Houston-based engineer Wood Group Mustang has won the first major contract to develop Israel’s huge Leviathan offshore natural-gas field. The $120-million front-end engineering-and-design award follows government approval last month of a new development plan with the field’s U.S.-Israeli developers. Work halted in March, when an Israeli court rejected a key provision of a previous plan for Leviathan, which has up to 621 billion cubic meters of gas set for domestic and export markets.
Development includes drilling eight production wells, set to be linked to an offshore production platform and transported by undersea pipeline to two entry points along Israel’s central Mediterranean coast. The platform has a planned capacity of 21 billion cu m per year, of which 9 billion cu m would be exported via pipeline to neighboring markets.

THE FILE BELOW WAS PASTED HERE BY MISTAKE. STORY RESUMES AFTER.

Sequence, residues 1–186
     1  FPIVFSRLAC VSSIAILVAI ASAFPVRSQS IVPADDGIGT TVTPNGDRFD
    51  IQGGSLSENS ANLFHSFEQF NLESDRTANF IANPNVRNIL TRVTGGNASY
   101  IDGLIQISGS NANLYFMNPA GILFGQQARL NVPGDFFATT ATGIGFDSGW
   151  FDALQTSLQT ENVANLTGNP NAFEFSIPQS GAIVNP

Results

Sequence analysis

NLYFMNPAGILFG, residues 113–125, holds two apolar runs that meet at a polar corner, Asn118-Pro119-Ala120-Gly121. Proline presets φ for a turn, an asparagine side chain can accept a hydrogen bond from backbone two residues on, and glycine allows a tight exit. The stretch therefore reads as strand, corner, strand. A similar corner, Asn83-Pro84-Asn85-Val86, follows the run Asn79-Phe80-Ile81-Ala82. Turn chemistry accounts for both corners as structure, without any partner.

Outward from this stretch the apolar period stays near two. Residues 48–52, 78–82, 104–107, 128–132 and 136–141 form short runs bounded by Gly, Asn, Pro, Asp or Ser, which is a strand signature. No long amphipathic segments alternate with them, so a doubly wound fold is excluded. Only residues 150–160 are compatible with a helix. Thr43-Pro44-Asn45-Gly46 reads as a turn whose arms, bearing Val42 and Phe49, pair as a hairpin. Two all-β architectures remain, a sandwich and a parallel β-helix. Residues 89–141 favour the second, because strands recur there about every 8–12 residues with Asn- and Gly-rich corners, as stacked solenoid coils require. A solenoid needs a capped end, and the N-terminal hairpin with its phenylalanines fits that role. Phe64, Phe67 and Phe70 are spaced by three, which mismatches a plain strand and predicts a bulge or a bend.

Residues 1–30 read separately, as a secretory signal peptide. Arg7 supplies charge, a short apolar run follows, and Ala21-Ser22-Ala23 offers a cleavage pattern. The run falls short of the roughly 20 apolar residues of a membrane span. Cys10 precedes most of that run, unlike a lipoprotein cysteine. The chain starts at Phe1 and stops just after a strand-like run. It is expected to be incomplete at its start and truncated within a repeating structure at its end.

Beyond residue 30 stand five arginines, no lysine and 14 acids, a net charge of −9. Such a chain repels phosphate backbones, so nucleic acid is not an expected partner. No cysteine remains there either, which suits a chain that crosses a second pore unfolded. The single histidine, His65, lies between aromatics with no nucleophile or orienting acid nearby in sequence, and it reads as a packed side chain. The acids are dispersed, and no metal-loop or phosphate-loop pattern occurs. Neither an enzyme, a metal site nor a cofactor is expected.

Noble Energy Inc., Houston, and Israel’s Delek Group have said they expect to make a final decision to develop Leviathan in the fourth quarter. The companies believe the field could begin production in late 2019 and are “advancing negotiations” with domestic and export customers, said a Delek executive. The firms and the government still are negotiating the plan’s “stability clause,” which stipulates how the project and its developers would be regulated over the next decade and which was rejected by the court.
The project got a boost in late June, when Israel and Turkey agreed to restore relations following the 2010 Israeli naval raid against a Turkish ship that was trying to evade the Israeli blockade on the Palestinian-controlled Gaza Strip. Companies from both nations now can negotiate building an estimated $2-billion marine pipeline from Leviathan to Turkey, which wants to diversify its energy sources.